Tuesday, 2 January 2018

Bootlace Crimp Ferrules

As promised, a review of using Bootlace Crimp Ferrules for the first time.

I have been using screw terminals one way or another since I was a kid, and they have not changed much, but oddly I have never heard of bootlace crimp ferrules. I blogged recently about how annoyed I was with screw terminals, and they were recommended.

Turns out they are very common, sold in electrical stores, RS, Farnell, even Maplin. I ordered from RS, and got the recommended crimp tool. I then did some re-wiring of an alarm system and used them.

Summary: I like bootlace crimp ferrules and will use them - but get the right crimp tool.

They are simple, a metal tube and a plastic shoulder/sleeve. You poke the wire in, and crimp.


I used the RS crimp tool, this one...


The result was a tad unexpected. The crimp was crimped to the wire by alternating flattening of the crimp at 90 degree angles...


This made the ferrule weaker, and likely to snap - it can even happen trying to remove from the crimp tool itself!


Whilst it is well connected and crimped, this can make it a pain to try and push in to a screw terminal.

Even so, I continued, and found I massively prefer using these to not. But I thought I would investigate more, and found a different crimp tool - this one (also from RS)...


The end moves so you can crimp on the end or the side, which is a nice touch, but the crimps it makes are much much nicer...


This does not snap or bend, and is securely crimped. Stripping the wires very long like this ensures the wire is all the way through, and as it happens the crimps (you can buy different lengths) were slightly too long, so you clip them down to fit once crimped...


The only thing that needs slightly more planning is when putting two wires in, for that you use a double ferrule which is wider and a bigger tube. It means planning ahead slightly more, but well worth it.


And they work really well.


And as promised, here is the video...



P.S. This crimp tool is awesome...


See it in action...



Actually, very fine wires don't crimp perfectly, but AWG22 is fine. The other Weidmüller crimp works even on very small wires...


13 comments:

  1. Yeah - never look back! I use and like http://amzn.to/2A6XhLe for most of the sizes I work with (1mm^2 to 6mm^2). Also, if doing mains stuff, check out Wago connectors - THE best thing for solid and stranded termination.

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  2. OK then - power of the Internet - what is the absolute best for (a) RJ45 plugs; (b) RJ45 sockets; and (c) RJ45 patch panels. Although I am perfectly technically capable of all three, and indeed I do not do many of them at all, when I do fit them they are very frustrating because the work is so slow and fiddly and my brain is working 10 times faster than the work can be done. Is there a better way?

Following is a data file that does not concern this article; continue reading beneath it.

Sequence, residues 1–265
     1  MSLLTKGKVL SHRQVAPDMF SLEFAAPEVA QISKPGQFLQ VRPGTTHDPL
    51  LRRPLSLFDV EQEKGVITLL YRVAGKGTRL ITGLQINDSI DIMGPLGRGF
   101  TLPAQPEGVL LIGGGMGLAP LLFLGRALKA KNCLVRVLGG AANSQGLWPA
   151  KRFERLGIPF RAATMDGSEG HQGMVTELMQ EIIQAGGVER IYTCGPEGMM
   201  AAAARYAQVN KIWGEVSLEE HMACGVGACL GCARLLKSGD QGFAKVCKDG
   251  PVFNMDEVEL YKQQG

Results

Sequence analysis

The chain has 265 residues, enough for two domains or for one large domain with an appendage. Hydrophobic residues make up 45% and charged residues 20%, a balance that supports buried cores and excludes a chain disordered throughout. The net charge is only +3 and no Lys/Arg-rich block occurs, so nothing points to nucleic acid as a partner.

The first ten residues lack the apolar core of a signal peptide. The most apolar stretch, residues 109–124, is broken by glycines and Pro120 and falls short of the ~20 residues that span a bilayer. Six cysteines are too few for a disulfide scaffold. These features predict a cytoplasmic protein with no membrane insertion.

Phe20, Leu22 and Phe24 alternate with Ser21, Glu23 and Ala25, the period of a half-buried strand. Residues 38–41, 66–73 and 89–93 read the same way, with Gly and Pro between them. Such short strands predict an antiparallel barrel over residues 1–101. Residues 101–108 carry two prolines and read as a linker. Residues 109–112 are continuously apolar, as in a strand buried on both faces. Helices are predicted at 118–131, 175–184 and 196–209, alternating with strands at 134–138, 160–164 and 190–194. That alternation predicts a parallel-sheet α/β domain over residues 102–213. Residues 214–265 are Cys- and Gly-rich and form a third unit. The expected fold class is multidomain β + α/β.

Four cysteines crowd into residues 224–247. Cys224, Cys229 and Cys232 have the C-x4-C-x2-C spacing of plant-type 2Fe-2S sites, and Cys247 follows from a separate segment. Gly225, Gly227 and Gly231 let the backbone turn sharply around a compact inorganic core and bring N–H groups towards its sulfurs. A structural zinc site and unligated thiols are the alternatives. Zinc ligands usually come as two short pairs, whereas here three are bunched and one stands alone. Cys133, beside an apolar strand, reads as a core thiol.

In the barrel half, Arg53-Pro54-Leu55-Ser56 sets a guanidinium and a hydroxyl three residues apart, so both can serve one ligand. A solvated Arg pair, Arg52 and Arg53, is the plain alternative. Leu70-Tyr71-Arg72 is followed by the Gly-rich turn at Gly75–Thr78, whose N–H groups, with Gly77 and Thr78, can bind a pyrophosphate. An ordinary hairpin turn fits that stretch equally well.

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  3. What is the purpose of the plastic bit on the ferrule? I was expecting the plastic to be crimped around the wire's insulation to provide some strain relief, but it doesn't look like that happens.

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    Replies
    1. Probably mostly to provide colour coding, each diameter of ferrule is a different colour.

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    2. Well, they are "insulated" so I assume to provide extra insulation. The colours are indeed by size as per my video, but there are two standards for that (at least).

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    3. Also a larger hole in to which to poke the wires, which is always useful.

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  4. I've always used this style of tool for crimping ferrules:
    https://uk.rs-online.com/web/p/crimp-tools/8485620/
    They make very satisfying hexagonal crimps.

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    Replies
    1. Bet you’ve spent the best part of 500 quid on these three crimp tools!

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  5. I like the idea but £157 for the Weidmuller tool is a little expensive. Is it really that much better than the £14 device mentioned by Christian above? Are there any others that people recommend?

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  6. just a note, that the amazon link above is an affiliate tracking link, in case anyone is opposed to ordering unwittingly from a link that gives commission

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  7. Like many RS Pro crimping tools, stock number 399-2031 is actually a rebadged Pressmaster product, in this case the PZD 3. http://www.pressmaster.se/product/pzd_3

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